In the Tiri channel, I was surprised to see JJ, (The big solo Elliot) not to far ahead. She had a bit of an issue with her jennaker, but now that the wind had come around towards the W a little, she got it set and took off. I considered this for a while, and once off the back of Kawau, the wind had also dropped a bit. I knew the angles were marginal for my gennaker, but decided to give it a go. I could see Ocean Express about a mile behind me, and I knew I'd loose some distance setting the gennaker - it's not a high speed thing to do solo! However, I figured that once set, I'd gain more. So, I hoisted the gennaker, but as I'd feared it was right on its max angle, so I did not get the speed I'd hoped for. Remember this is not a boat that planes easily, and coming up to a hotter angle was not an option as it was still too strong a breeze to hold it. Bugger. I then made a decision that was to cost me any chance of a good placing in the race. :-( While I was setting and playing around with the gennaker, Ocean Express had set her spinnaker, and was now gaining fast. Despite my misgivings on my spinnaker being too large for the conditions, I decided to give it a go.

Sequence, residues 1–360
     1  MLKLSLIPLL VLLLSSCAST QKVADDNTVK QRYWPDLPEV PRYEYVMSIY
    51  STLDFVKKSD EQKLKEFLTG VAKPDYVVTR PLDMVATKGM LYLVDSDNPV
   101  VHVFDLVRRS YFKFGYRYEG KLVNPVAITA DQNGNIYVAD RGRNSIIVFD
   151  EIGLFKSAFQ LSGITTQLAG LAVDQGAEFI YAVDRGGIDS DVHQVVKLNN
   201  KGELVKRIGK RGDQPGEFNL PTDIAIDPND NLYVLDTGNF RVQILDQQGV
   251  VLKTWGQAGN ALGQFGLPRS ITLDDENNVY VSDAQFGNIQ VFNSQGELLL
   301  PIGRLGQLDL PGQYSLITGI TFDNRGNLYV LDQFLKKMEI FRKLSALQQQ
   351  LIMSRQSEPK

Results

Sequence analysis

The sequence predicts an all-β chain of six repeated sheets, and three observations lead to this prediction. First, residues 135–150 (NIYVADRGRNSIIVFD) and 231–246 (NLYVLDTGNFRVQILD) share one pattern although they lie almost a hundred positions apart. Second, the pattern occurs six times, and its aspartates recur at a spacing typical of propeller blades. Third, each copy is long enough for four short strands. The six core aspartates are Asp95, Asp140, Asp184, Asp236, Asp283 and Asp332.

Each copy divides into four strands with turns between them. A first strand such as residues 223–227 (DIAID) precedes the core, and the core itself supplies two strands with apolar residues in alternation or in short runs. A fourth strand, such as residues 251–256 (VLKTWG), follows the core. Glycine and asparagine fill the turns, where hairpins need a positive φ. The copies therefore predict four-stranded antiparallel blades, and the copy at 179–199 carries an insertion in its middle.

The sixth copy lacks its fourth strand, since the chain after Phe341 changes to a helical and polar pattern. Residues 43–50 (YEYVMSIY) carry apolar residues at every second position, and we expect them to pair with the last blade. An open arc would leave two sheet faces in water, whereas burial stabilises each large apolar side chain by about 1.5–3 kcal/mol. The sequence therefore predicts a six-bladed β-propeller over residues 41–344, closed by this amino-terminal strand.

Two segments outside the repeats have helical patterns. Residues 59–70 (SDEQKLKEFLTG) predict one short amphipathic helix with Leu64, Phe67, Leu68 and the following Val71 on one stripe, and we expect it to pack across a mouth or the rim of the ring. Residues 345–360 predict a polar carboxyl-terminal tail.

I took off the gennaker, and got the spinnaker ready. Both these sails are in a sock when I'm solo. I got the pole set, hoisted the spinnaker sock, set the brace and sheet, and raised the sock. There was a twist in the centre of the sail. How that got there while inside the sock is another topic, but it was the classic hour glass. I tried all the normal stuff to get it out, and while doing this the top part set with an almighty bang, and blew up the block on the mast crane at the masthead. Unfortunately when it did that, it then proceeded to wrap itself, and the halyard, around the furled headsail. So, I had a half raised kite, could not move it up or down, nor could I furl or unfurl the genoa as the furler was jammed by the kite halyard. :-(.